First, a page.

Play Meter covered the show in its 1/15/81 issue, which actually had three separate articles, reviewing the show.
First was an article by Dick Pearson titled "Play Meter plays the games"
Unfortunately, Pearson didn't name a standout game, noting "But since Space Invaders, we have seen something new added to the games, which makes it all the more difficult to pick a 'Game of the Show." He then goes on to further discuss how difficult picking standout games is and doesn't name a game of the show.
Nonetheless, he does discuss the following games as among the standouts: Battlezone, Berzerk, Star Castle, Defender, Spectar, and Space Tactics, and also mentions Radar Scope, Zero Hours, Uni War S, Space Panic, and Crazy Climber.
Here's his take on Pac-Man and Rally-X
Hmm. He doesn't seem to favor one over the other. Plus he also mentioned a lot of games, so this article may not be of much help.
Later in the same issue we have Dick Welu's show diary. Welu is much more forthcoming with what games he liked and disliked.
He calls Star Castle a "honey", was lukewarm on Space Panic, and liked Battlezone.
His pick for game of the show?
OTOH, he did pick a Bally/Midway game as "sleeper" of the show. Which one?
Yep, he picked Space Zap (!!???) as sleeper of the show. Now don't get me wrong, I loved me some Space Zap back in the day, but sleeper? Really?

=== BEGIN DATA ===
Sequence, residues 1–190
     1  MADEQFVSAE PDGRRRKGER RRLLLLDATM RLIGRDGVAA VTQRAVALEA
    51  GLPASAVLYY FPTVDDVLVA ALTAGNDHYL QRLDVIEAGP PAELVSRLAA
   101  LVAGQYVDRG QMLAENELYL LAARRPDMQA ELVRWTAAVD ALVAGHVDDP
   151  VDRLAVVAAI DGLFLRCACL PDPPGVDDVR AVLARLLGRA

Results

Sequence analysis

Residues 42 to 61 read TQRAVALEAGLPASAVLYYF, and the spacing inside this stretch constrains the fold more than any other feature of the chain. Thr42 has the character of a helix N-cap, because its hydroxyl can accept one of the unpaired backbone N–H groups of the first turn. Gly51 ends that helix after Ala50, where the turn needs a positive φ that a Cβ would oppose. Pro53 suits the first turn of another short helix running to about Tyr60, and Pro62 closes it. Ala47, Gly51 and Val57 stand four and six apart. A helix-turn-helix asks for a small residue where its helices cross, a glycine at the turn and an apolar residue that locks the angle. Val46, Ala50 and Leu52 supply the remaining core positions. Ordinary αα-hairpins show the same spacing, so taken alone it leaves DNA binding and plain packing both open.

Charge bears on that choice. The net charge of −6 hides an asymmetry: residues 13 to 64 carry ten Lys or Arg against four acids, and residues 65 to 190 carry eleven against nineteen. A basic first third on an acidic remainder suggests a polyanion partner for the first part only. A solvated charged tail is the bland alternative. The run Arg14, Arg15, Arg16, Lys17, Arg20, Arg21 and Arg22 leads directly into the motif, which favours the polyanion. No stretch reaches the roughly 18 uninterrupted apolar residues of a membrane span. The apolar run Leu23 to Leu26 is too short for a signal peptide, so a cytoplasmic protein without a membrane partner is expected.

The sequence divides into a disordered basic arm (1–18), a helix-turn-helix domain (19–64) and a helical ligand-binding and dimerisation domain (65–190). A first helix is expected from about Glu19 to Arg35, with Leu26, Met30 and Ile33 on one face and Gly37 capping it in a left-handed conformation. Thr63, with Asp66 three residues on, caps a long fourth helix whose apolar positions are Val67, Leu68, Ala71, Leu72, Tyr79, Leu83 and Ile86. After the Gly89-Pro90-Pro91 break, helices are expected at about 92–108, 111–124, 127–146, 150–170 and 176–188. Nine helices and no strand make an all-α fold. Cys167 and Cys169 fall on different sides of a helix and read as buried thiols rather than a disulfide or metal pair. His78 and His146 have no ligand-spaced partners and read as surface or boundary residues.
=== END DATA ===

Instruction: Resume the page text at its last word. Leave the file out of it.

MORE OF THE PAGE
Finally, we have the article "An Independent Review: Standout games at Chicago Show" by Tony Licata. Ahh. This is just what we're looking for. He actually picks four standout games of the show.
And they are....
wait for it
That's what he picked. Pacific Novelty's Deep Death (which was subsequently renamed Shark Attack).
OK, so it looks like Play Meter didn't consider Rally-X the standout game of the show, or even significantly better than Pac-Man.
What about RePlay?
Here's a review of the show from the 12/80 issue
What about the other claim, that Midway initially liked Rally-X more than Pac-Man? That claim actually does hold water. Midway president Dave Marofske said as much to Kent. When I talked to him circa 1999, he told me pretty much the same thing:
Far more interesting was a story that Game Plan exec Ken Anderson told me. First, a little background. In the end, Namco chose to license the four games to two different companies. Midway got Rally-X and Pac-Man, while Game Plan got Tank Battalion and King & Balloon. Ken Anderson was an executive at Game Plan at the time and over the years it seems he worked for half the manufacturers in the industry. How did Midway end up with Pac-Man? Here's what Anderson told me
Bonus. Another famous myth.
Earlier, I mentioned Donkey Kong myths. One of the most famous is that it was originally called Monkey Kong and the name was only changed to Donkey Kong due to a translation error (in some versions, due to either a blurred fax or a misheard phone call depending on who's telling the story).
That story is considered "busted". There's even a longish article on it at Snopes.
Recently, however, I came across the following from the October 1, 1981 Play Meter
What? Monkey Kong? So is the "busted" myth not a myth after all? Have I found holy grail of video game mythbuster-busting? Alas, I think not. I'm pretty sure this is just a good old fashioned typo. RePlay referred to the game as Donkey Kong the month before this issue came out and may have done so earlier. But it did give me a brief rush of adrenaline.